In the wake of police killings of unarmed Black Americans like George Floyd last year, the country witnessed a major shift in the tenor of the conversation on racial inequality. Perhaps like never before, corporations saw a demand to respond, and some did so with revamped training, new tech-powered strategies and a renewed focus on corporate culture.
That work represents real progress, but it’s “just the beginning,” notes Torin Ellis, author and expert on diversity, equity, inclusion and belonging strategy and risk mitigation. Ellis will deliver the closing keynote address March 19 at the free, virtual Spring HR Technology Conference, focusing his discussion on how organizations can shift the narrative to make inclusion and belonging sustainable.
Before the conference, Ellis touched base with HRE to talk about his own experiences advocating for corporate DEI and the trends he’s seeing in this area.
HRE: How did you get your start working in the DEI space?
Ellis: Two things happened. I ran a third-party recruiting agency from 1998 to 2010 or 2011. Throughout all of that time, I placed individuals who were typically in the $150,000-$300,000 [salary] range, and there was always a lack of representation. Always. The biggest callout for me was when a very large telecommunications provider came to me and said, “Torin, we need your help with a diversity search in Chicago. We can’t find Black or brown sales reps.” And I’m like, “You’re a major organization in a city like Chicago.” It was crazy to me. That was the first marker that said to me that organizations really needed help as it relates to representation.
Then, the second was when a white woman accused me of racism because I was doing a diversity search, and she caused me to lose a multimillion-dollar account. She called my client and said she was going to file an EEOC complaint because I was looking for a diverse or underrepresented candidate and, because she was a white woman, she couldn’t apply. And the client severed their relationship with me.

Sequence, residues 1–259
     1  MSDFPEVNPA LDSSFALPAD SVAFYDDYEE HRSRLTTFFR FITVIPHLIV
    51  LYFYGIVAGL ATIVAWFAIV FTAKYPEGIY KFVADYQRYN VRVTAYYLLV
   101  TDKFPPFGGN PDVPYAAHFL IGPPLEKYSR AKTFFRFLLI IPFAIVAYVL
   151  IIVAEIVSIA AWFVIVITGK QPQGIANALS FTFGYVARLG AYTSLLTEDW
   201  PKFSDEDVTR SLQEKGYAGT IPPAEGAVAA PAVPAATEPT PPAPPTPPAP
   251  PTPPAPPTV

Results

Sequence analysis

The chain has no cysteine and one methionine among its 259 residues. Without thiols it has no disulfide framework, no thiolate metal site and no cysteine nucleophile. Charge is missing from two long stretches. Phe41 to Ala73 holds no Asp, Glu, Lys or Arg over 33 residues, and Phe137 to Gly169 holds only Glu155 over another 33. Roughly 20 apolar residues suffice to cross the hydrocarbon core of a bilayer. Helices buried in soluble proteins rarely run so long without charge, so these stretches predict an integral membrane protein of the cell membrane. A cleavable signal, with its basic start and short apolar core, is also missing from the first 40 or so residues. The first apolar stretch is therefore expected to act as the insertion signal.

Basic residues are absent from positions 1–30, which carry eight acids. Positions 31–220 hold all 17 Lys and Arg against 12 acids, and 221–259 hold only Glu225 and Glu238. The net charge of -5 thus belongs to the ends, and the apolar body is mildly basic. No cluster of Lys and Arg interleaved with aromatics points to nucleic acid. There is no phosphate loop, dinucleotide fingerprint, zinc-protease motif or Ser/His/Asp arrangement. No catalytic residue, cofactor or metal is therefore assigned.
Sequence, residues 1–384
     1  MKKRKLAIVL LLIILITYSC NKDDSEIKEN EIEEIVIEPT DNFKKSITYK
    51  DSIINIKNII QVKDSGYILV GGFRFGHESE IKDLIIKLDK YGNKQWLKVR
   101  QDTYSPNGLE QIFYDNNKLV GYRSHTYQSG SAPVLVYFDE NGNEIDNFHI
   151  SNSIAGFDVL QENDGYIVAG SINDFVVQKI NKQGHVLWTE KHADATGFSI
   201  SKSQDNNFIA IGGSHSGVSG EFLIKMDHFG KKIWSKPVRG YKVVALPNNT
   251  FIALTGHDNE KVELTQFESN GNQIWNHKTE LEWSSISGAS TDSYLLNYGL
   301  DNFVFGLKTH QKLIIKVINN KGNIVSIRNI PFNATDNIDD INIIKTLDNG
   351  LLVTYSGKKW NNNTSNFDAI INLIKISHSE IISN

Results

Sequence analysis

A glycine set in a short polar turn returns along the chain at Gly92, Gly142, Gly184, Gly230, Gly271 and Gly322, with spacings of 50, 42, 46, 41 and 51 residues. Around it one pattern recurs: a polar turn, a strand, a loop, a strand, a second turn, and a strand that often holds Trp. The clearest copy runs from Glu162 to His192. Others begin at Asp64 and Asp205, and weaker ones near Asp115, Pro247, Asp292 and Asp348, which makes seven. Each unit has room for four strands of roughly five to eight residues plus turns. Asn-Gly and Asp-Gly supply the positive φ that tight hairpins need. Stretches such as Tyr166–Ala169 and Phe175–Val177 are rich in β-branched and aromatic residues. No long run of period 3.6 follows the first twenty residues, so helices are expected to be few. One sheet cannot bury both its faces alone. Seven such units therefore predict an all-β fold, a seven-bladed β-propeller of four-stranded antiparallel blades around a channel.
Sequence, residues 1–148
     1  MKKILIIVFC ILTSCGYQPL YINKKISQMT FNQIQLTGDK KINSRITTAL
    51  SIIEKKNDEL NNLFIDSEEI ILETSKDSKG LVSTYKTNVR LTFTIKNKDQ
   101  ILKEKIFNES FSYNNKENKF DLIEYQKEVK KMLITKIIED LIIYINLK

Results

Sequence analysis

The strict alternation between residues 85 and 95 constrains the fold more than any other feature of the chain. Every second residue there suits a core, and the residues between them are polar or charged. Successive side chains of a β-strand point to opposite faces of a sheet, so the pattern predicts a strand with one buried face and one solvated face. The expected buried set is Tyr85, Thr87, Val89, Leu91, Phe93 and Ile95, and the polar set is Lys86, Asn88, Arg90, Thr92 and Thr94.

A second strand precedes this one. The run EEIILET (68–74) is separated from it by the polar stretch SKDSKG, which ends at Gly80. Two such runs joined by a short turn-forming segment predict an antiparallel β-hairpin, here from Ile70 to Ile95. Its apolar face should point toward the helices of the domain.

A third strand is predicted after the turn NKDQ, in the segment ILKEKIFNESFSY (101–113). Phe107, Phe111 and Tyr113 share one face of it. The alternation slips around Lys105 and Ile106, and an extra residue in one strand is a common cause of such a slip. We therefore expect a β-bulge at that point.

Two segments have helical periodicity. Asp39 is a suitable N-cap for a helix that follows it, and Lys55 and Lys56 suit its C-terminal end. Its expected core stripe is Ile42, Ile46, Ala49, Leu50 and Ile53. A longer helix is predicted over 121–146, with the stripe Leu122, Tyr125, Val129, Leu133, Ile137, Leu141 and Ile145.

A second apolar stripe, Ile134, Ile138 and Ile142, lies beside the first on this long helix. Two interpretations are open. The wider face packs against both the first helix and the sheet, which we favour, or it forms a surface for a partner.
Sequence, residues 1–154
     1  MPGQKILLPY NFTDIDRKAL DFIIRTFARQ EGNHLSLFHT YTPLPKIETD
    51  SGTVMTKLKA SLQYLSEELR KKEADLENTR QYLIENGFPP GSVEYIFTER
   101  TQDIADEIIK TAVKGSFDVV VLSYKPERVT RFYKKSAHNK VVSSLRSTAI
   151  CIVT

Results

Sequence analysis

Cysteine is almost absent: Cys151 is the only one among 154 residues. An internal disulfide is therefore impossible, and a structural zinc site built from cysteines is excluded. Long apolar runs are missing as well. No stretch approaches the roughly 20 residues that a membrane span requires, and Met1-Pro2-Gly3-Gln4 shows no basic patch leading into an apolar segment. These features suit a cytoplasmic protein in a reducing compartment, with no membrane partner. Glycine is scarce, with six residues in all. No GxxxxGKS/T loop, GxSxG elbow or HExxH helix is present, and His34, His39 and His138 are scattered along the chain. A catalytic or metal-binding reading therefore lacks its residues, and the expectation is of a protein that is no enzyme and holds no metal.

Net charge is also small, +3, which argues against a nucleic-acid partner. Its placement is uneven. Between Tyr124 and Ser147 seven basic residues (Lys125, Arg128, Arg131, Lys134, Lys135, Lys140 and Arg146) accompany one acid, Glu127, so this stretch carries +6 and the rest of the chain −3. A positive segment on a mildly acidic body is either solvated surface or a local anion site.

So those two events—those 12 years or more of recruiting and that one, five-minute phone call—now have me focused on doing D&I work for companies all around the world.
HRE: Is there a DEI strategy you’ve seen recently that has impressed you?
Ellis: Last year, the biggest win for me—and, for them, as far as I’m concerned—was that three of my clients decided they were going to measure their entire employee base in some way in terms of their contributions toward D&I. They said they would add a measurement on their performance evaluation for every employee—and that’s 60,000-100,000 employees. I loved hearing that because it shows we really can get organizations to move if we put the proper strategies in place, if we put the proper understanding in place, if we don’t just focus on the data or the business case or we ignore the social imperative—but rather, that we find some collaboration between all of that. It lands well with the organization. I got three to make that decision, and my goal this year is nine.
HRE: What role can employees themselves—through activism or involvement in ERGs, for instance—play in advancing the organizational commitment to DEI? And what is your advice for HR leaders on building those connections?
Ellis: They play a very important and vital role. You don’t have an organization without employees. I land on the side that people care more about this issue than they may show, or than they may know how to show. But, if we inspire, develop and motivate them in the right way, guide them in the right way, they may come around and play some part in how we’re advancing the conversation around D&I.
As it relates to HR, I think HR sees itself now not just as the administrative arm of the organization. HR is beginning to see itself as more of a business partner, an entity that can generate revenue, prevent costs, add efficiency. So, HR should be looking at ways to align with the business units and departments in the organization to help them advance whatever goals and objectives they have.